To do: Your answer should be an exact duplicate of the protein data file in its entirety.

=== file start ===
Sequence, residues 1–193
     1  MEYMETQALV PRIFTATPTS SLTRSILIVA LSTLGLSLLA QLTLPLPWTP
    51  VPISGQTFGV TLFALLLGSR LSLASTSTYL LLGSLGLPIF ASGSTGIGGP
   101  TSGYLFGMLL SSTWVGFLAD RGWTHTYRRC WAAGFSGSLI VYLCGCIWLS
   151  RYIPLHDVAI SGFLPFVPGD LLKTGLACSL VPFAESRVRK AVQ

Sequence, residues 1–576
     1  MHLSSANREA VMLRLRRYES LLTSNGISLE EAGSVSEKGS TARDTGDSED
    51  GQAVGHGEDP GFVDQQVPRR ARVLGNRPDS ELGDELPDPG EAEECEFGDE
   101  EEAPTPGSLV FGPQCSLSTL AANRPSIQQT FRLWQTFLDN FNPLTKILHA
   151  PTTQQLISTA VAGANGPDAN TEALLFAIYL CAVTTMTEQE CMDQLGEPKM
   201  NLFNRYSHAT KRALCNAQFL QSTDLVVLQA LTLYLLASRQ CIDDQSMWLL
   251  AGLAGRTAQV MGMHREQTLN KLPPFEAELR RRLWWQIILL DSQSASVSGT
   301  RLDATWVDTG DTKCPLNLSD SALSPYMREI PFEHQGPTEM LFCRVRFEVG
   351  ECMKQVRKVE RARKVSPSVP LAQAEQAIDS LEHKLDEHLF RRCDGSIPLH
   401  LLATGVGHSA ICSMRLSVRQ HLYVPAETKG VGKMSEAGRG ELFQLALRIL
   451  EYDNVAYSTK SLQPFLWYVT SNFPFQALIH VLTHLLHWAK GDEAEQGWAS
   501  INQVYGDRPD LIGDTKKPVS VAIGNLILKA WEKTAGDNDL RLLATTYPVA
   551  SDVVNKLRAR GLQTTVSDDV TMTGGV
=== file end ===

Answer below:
Sequence, residues 1–193
     1  MEYMETQALV PRIFTATPTS SLTRSILIVA LSTLGLSLLA QLTLPLPWTP
    51  VPISGQTFGV TLFALLLGSR LSLASTSTYL LLGSLGLPIF ASGSTGIGGP
   101  TSGYLFGMLL SSTWVGFLAD RGWTHTYRRC WAAGFSGSLI VYLCGCIWLS
   151  RYIPLHDVAI SGFLPFVPGD LLKTGLACSL VPFAESRVRK AVQ

Sequence, residues 1–576
     1  MHLSSANREA VMLRLRRYES LLTSNGISLE EAGSVSEKGS TARDTGDSED
    51  GQAVGHGEDP GFVDQQVPRR ARVLGNRPDS ELGDELPDPG EAEECEFGDE
   101  EEAPTPGSLV FGPQCSLSTL AANRPSIQQT FRLWQTFLDN FNPLTKILHA
   151  PTTQQLISTA VAGANGPDAN TEALLFAIYL CAVTTMTEQE CMDQLGEPKM
   201  NLFNRYSHAT KRALCNAQFL QSTDLVVLQA LTLYLLASRQ CIDDQSMWLL
   251  AGLAGRTAQV MGMHREQTLN KLPPFEAELR RRLWWQIILL DSQSASVSGT
   301  RLDATWVDTG DTKCPLNLSD SALSPYMREI PFEHQGPTEM LFCRVRFEVG
   351  ECMKQVRKVE RARKVSPSVP LAQAEQAIDS LEHKLDEHLF RRCDGSIPLH
   401  LLATGVGHSA ICSMRLSVRQ HLYVPAETKG VGKMSEAGRG ELFQLALRIL
   451  EYDNVAYSTK SLQPFLWYVT SNFPFQALIH VLTHLLHWAK GDEAEQGWAS
   501  INQVYGDRPD LIGDTKKPVS VAIGNLILKA WEKTAGDNDL RLLATTYPVA
   551  SDVVNKLRAR GLQTTVSDDV TMTGGV